This series on the most random 1971-2019 Philadelphia Phillies players, known at The Bell as the ‘Phillies 50‘, wraps up the decade of the 2010’s with the position player who combined low impact on the 2010 Phillies ball club with a minimal big-league career.
Brian Bocock is one of the players in this series who was least likely to ever get a shot to pull on the Phillies red pinstripes, and yet there he was over the final three weeks of the 2010 season. So, how did he get there?
Born and raised in Harrisonburg, Virginia, about 130 miles northwest of Richmond and southwest of Washington, D.C., Bocock was a ninth round draft pick of the San Francisco Giants in 2006 out of Stetson University in Florida.
The very next summer he got to take part in one of baseball’s biggest prospect showcases when he played on Team USA in the 2007 All-Star Futures Game. More than that, the game was held at AT&T Park, home of the Giants, for whom Bocock hoped to play one day:
“I was in the place I want to make my home one day,” said Bocock per Rusty Simmons at SFGate at the time. “It was a lot of fun, but I don’t want to make this the only time I get to play here.”
Little did Bocock know, he wouldn’t have to wait long for his next appearance in the City by the Bay. After two years in the Giants’ farm system, Bocock found himself as the 2008 Opening Day shortstop thanks largely to an injury to Omar Vizquel, their 40-year-old starter who was winding down a marvelous career. Nathaniel Stoltz at Bleacher Report wrote about that decision:
“They handed their shortstop job to Bocock, who hit .220/.293/.328 last year in the Cal League. That’s right, Giants’ fans, your Opening Day shortstop put up a 621 OPS last year in the best hitter’s league in baseball, good for the worst mark of any player in that league. Bocock shouldn’t have even been invited to Spring Training, let alone make the team. Speaking of Spring Training, Bocock hit a ridiculous .188, so it’s not like he’s turned around. Giants brass ignored this and simply raved about how he hadn’t committed any errors.”
Bocock would spend the entire first five weeks of that 2008 season with San Francisco. He registered his first big-league hit on April Fool’s Day in his first-ever plate appearance, a single off Derek Lowe at Dodger Stadium. In the top of the 7th inning his bases loaded walk against LA’s Joe Beimel brought home Ray Durham with the first run of the game, giving Bocock his first career run batted in.
In all, Bocock would slash just .143/.258/.156 over 93 plate appearances across 32 games with the Giants in that introduction to Major League Baseball. He registered one double, scored four runs, knocked in two, and swiped four bases. Bocock appeared at shortstop in 29 games, making 25 starts in which he committed four errors.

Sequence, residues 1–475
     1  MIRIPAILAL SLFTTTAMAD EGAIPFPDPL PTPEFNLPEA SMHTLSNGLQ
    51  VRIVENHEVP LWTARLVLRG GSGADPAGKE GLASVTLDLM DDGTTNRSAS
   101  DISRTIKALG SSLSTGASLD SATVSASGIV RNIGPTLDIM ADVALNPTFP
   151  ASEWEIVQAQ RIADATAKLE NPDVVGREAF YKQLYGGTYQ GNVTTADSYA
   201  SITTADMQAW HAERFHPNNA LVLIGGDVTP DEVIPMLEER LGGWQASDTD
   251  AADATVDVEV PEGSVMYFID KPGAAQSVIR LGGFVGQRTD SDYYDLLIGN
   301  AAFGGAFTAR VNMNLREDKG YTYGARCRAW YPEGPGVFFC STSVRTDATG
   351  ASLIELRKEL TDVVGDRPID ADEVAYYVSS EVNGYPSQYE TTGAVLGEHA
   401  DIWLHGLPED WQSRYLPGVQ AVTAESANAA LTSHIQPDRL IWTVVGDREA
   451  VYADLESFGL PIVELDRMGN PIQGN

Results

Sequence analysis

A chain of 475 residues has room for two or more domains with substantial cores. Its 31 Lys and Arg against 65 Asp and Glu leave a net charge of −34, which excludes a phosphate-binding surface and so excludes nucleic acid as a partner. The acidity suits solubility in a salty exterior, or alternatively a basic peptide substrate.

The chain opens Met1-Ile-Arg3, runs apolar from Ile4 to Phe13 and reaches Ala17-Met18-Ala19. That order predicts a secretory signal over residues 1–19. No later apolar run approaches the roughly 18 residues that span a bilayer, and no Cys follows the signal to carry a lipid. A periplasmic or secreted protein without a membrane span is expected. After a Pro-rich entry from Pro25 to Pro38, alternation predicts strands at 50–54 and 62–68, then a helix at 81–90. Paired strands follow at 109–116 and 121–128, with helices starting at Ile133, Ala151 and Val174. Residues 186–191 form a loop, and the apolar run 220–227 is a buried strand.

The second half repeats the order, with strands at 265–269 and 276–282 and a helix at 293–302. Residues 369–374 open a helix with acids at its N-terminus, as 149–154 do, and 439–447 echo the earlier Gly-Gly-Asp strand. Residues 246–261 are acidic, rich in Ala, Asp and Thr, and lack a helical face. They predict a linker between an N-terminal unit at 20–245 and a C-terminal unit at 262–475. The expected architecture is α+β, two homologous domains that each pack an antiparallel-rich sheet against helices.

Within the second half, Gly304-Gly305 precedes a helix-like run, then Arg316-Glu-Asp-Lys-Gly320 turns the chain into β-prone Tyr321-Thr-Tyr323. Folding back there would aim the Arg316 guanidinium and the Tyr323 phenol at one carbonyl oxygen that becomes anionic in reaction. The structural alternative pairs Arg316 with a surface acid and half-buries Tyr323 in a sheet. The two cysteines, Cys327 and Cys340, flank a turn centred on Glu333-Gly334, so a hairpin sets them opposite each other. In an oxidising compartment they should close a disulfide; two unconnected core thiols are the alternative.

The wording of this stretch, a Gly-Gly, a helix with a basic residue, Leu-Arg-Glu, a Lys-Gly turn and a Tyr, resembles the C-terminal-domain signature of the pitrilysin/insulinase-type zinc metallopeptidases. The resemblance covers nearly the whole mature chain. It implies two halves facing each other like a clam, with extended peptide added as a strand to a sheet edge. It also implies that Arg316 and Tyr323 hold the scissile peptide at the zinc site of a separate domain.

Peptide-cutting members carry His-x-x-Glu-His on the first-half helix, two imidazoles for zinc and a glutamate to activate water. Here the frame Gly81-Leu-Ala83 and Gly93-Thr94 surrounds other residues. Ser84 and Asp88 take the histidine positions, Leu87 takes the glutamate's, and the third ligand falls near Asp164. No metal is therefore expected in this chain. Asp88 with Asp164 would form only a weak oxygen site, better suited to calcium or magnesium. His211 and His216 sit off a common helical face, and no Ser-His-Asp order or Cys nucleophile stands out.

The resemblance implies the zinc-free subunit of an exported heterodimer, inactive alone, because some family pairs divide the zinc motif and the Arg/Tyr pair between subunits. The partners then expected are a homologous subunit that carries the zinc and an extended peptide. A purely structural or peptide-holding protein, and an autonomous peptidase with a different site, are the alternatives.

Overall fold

With Vizquel ready to return, Bocock made his final appearance on May 8. He was then shipped out to the minor leagues where he would toil for the remainder of the 2008 and all of the 2009 seasons.
Given his release after that 2009 campaign, Bocock was briefly signed by the Toronto Blue Jays in early January 2010. The Jays released him themselves just three weeks later, and on January 26, 2010 he was signed by the Phillies and invited to spring training in Clearwater.
Bocock spent the 2010 season at age 25 as the starting shortstop with the Triple-A Lehigh Valley IronPigs, hitting a weak .226 with just 18 extra-base hits over 439 plate appearances. Promoted briefly in late June as insurance due to an injury to Chase Utley, Bocock didn’t get into any games and was returned to the IronPigs.
When rosters expanded in September, Bocock got the call as infield depth with a Phillies ball club that was in a battle with the Atlanta Braves, trying to capture a fourth consecutive NL East Division crown.
The Phillies were up in the standings by just one game when Bocock made his debut with the team in a Monday night September 13, 2010 game at Sun Life Stadium against the host Florida Marlins. With the club leading the Fish by 11-1 in the 7th inning, Bocock was entered by manager Charlie Manuel as a replacement for Placido Polanco. In the top of the 9th inning he would ground out weakly against Marlins’ reliever Jorge Sosa in his lone at-bat.
Bocock had joined the Phillies in the midst of a tight division race. But he also joined at a great time. That win in Miami was the second of what would grow to be an 11-game winning streak. By the time it ended 11 days later, the Phillies had blown out to a seven-game lead. They would clinch that fourth straight division title in an 8-0 shutout from Roy Halladay in Washington on Monday, September 27.
After that point there were still five games remaining in the regular season. Bocock would see action in all of them, inserted either to give shortstop Jimmy Rollins a late-innings break or as a pinch-runner. He was not included on the postseason roster, and the Phillies would ultimately be eliminated in the NLCS by his former Giants teammates.
Back at Lehigh Valley in 2011, Bocock was again unimpressive and the Phillies finally released him late in the summer. He would spend the next few years bouncing across a handful of organizations but was never given another big-league opportunity.
Bocock did enjoy a nice individual moment during spring training of 2012 when belted a go-ahead 9th inning home run off Michael Stutes in a game against the Phillies on Saint Patrick’s Day at Bright House Field.